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FDA commissioner: First vaccines could be administered in US Monday

FDA commissioner: First vaccines could be administered in US Monday
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The head of the Food and Drug Administration (FDA) said Sunday that the first doses of Pfizer and BioNTech's COVID-19 vaccine could be administered to patients in the U.S. as early as Monday following the agency's issuance of emergency clearance.

Stephen Hahn told CNN's "State of the Union" that the federal government is "hopefully" planning to begin administration of the vaccine within hours.

"My hope, again, is that this happens very expeditiously, hopefully tomorrow," Hahn said.

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Host Jake TapperJacob (Jake) Paul TapperEx-Trump press secretary criticized for stirring up QAnon on Twitter Maryland GOP governor says he would have voted to convict Trump Democratic senator defends decision not to call witnesses: 'They weren't going to get more Republican votes' MORE also asked Hahn why Centers for Disease Control and Prevention (CDC) director Robert RedfieldRobert RedfieldFauci defends Birx: 'She had to live in the White House' US considering mandatory COVID-19 tests for domestic flyers, CDC official says CDC gets a second opinion: Seven steps to heal our COVID-19 response MORE has yet to accept a CDC panel's vote to clear the vaccine for emergency use in the U.S.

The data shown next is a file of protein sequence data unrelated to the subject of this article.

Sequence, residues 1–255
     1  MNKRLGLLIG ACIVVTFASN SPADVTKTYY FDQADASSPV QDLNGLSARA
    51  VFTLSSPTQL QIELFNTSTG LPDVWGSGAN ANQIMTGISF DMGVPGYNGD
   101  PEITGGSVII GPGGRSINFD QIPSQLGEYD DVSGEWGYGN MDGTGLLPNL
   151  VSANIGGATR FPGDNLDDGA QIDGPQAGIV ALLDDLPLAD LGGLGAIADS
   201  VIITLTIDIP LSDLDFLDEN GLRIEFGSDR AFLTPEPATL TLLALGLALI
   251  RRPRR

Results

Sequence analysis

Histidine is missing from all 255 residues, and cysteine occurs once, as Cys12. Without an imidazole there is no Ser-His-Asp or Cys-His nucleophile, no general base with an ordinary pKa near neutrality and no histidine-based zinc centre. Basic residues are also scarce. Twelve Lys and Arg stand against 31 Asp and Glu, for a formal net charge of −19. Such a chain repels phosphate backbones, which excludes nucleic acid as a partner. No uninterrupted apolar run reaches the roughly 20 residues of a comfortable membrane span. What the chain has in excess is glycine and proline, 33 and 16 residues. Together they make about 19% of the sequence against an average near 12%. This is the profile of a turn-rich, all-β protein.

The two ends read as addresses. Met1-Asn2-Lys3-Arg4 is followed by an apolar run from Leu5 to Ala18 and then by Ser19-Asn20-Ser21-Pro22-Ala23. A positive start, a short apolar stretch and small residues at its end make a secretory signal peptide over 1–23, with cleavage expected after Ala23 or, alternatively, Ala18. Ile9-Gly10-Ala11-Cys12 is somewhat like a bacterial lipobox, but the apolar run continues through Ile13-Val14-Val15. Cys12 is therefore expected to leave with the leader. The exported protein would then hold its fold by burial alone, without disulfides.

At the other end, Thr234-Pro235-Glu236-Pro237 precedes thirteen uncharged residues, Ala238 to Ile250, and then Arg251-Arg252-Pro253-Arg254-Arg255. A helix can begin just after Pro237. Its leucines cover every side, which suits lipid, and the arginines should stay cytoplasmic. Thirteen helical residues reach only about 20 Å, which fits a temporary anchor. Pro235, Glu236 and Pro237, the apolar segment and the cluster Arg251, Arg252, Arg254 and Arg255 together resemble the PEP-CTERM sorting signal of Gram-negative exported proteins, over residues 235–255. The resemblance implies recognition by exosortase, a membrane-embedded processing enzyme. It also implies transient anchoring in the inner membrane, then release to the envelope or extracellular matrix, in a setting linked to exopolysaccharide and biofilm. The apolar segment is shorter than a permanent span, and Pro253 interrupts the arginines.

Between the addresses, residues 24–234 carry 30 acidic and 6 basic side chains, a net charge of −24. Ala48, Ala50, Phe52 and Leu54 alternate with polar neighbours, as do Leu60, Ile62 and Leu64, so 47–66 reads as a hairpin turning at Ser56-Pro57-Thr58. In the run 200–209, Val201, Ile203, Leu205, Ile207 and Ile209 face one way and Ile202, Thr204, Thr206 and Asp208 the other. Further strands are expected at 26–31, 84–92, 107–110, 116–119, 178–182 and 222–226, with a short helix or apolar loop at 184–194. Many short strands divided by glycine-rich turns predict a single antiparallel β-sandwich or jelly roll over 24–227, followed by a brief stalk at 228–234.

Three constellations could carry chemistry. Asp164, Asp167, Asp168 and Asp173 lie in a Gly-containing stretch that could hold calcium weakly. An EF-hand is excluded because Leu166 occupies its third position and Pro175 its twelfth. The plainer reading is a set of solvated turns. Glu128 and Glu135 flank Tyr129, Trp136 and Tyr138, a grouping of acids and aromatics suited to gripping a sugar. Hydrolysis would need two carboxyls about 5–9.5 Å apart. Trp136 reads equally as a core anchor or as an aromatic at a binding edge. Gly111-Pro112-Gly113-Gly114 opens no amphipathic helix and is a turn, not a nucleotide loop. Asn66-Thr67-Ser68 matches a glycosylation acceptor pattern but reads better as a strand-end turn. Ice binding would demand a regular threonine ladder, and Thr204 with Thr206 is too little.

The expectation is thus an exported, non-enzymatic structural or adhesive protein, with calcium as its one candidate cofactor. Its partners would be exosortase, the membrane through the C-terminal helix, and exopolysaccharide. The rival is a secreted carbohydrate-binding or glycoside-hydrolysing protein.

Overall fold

“I don’t know the answer to that question,” Hahn responded. “I do know I’ve had a lot of conversations with director Redfield and he is certainly on top of this, and has a lot of confidence in the process.”

“I’m sure we’ll be hearing very soon about this," he added.

It was reported last week that White House officials, particularly chief of staff Mark MeadowsMark MeadowsHow scientists saved Trump's FDA from politics Liberals howl after Democrats cave on witnesses Kinzinger calls for people with info on Trump to come forward MORE, pressured Hahn for emergency clearance of the COVID-19 vaccine at the expense of safe practices, which the FDA head has denied.

He repeated those denials during the interview Sunday, while adding that he would not go into the contents of his conversations with the White House.

"Nothing guided our decision, no external comments, no external pressure, other than the science and data guided our decision-making," he said. 

His remarks come as the U.S. has passed more than 16 million confirmed cases of the coronavirus since the pandemic began, and is nearing 300,000 deaths resulting from the virus.

--Updated at 10:44 a.m.